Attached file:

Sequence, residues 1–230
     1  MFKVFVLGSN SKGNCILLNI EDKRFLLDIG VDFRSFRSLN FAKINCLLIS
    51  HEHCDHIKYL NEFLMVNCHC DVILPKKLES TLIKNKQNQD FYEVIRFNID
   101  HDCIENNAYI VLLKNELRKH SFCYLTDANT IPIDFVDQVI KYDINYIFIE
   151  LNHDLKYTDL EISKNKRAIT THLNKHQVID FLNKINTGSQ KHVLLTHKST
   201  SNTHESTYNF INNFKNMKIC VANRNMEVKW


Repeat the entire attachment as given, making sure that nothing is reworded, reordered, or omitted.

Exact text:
Sequence, residues 1–230
     1  MFKVFVLGSN SKGNCILLNI EDKRFLLDIG VDFRSFRSLN FAKINCLLIS
    51  HEHCDHIKYL NEFLMVNCHC DVILPKKLES TLIKNKQNQD FYEVIRFNID
   101  HDCIENNAYI VLLKNELRKH SFCYLTDANT IPIDFVDQVI KYDINYIFIE
   151  LNHDLKYTDL EISKNKRAIT THLNKHQVID FLNKINTGSQ KHVLLTHKST
   201  SNTHESTYNF INNFKNMKIC VANRNMEVKW